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Vocabulary Word

Word: unequivocal

Definition: plain; clear; obvious


Sentences Containing 'unequivocal'

Although the unequivocal identification of the "magus" with Zoroastrianism came later (Sassanid era, 3rd–7th century CE), it is from Herodotus' "magus" of the mid-5th century that Zoroastrianism was subject to doctrinal modifications that are today considered to be revocations of the original teachings of the prophet.
Critics were particularly unequivocal in their praise of the approach to a complex subject such as terrorism.
Flamingos and their relatives are well attested in the fossil record, with the first unequivocal member of the Phoenicopteridae, "Elornis" known from the late Eocene epoch.
Franz complimented Albert, who looked at himself in the glass with an unequivocal smile of satisfaction.
More important is the disappearance of what has been called the "grand narratives" during this century, the questioning of all-encompassing world views offering coherent interpretations of the world and unequivocal guides for action.
No concept can therefore have an ultimate, unequivocal meaning".
Official Zionism’s firm, unequivocal stand did not please every one, however.
On 30 April 2004, a three-judge panel of the 6th U.S. Circuit Court of Appeals ruled that Demjanjuk could be again stripped of his U.S. citizenship because the Justice Department had presented "clear, unequivocal and convincing evidence" of Demjanjuk's service in Nazi death camps.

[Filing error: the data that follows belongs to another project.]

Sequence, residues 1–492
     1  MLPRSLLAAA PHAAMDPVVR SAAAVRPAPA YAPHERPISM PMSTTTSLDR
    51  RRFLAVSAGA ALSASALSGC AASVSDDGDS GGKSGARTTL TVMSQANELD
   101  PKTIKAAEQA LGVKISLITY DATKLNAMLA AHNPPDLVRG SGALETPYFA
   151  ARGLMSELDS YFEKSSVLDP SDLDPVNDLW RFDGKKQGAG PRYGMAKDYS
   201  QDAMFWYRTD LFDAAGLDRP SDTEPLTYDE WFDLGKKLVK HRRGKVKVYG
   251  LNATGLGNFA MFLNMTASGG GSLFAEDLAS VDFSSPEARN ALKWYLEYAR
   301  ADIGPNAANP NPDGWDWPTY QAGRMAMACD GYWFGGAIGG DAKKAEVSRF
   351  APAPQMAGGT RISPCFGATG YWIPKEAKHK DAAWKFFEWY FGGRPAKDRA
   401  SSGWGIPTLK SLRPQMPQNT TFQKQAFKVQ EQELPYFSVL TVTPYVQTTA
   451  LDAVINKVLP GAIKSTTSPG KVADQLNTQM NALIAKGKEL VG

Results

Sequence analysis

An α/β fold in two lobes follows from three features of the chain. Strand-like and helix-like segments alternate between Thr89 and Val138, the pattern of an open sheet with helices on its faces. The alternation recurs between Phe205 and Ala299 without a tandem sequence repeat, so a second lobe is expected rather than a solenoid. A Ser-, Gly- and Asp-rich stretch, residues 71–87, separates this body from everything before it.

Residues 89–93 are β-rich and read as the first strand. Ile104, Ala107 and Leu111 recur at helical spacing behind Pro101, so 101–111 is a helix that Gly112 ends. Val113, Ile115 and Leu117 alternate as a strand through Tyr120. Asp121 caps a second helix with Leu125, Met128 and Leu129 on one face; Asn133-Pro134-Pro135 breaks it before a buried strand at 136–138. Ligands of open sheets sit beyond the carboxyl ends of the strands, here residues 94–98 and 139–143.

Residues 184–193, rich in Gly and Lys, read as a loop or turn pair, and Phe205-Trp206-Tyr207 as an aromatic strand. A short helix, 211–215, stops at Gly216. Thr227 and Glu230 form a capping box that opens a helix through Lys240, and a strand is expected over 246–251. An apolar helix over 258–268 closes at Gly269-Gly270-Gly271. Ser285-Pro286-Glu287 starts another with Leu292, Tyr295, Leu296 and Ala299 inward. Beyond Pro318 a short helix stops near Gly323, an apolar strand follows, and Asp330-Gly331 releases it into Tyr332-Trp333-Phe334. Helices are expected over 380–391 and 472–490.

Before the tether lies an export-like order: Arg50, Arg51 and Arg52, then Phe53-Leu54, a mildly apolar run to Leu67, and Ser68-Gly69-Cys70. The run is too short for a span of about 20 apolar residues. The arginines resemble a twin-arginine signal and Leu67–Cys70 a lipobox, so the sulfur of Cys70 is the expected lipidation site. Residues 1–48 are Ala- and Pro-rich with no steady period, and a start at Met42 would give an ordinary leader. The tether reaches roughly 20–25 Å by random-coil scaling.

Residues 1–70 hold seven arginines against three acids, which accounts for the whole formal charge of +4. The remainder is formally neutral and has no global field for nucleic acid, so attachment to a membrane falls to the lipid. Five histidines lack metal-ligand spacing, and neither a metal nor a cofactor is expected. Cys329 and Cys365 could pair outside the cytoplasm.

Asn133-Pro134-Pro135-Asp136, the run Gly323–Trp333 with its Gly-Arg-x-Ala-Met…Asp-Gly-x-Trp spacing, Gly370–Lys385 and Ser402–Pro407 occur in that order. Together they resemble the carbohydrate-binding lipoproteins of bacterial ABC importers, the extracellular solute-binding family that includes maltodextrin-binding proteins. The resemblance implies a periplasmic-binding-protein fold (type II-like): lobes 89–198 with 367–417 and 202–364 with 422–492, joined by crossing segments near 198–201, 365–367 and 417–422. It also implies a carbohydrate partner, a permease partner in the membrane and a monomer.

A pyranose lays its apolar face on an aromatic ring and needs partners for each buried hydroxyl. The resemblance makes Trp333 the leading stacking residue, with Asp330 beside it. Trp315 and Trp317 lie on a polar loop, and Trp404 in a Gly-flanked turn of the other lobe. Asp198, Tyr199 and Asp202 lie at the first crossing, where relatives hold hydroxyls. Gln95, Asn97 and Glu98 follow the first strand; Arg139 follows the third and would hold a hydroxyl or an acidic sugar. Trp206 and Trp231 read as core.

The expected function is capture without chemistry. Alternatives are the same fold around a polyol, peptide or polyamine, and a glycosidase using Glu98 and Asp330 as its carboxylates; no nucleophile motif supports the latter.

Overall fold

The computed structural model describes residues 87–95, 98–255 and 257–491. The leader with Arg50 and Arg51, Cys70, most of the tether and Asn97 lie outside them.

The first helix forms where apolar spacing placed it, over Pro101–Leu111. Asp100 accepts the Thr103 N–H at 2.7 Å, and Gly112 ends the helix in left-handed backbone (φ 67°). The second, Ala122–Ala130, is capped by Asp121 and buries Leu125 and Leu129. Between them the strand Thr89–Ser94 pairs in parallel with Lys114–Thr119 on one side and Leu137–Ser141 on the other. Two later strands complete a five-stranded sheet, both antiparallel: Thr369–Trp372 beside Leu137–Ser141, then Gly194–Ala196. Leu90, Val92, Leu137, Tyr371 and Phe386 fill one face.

This advice stated Goldsmith's preferred view in more unequivocal terms than his earlier memo, without reference to the doubts expressed therein.
Venona has added information—some unequivocal, some ambiguous—to several espionage cases.

More Vocab Words

::: indulge - yield to; gratify; allow oneself a special pleasure; Ex. indulge one's every whim/a child/in a big cigarette; N. indulgence
::: sacrilegious - desecrating; profane; N. sacrilege: desecration, misuse, or theft of something sacred
::: convulsion - violent uncontrollable shaking movement (caused by illness); V. convulse; ADJ. convulsive
::: scruple - hesitate for ethical reasons; fret about; Ex. She did not scruple to read his diary; N: uneasy feeling arising from conscience; conscience
::: convert - one who has adopted a different religion or opinion; V: change into another form; (persuade to) adopt a particular religion or belief
::: philanthropist - lover of mankind; doer of good; N. philanthropy
::: orient - get one's bearings; adjust; make familiar with a situation; orientate
::: extrude - force or push out; thrust out; shape (plastic or metal) by forcing through a die
::: swipe - hit with a sweeping motion; N.
::: malaise - uneasiness; vague feeling of ill health (without any particular pain or appearance of disease)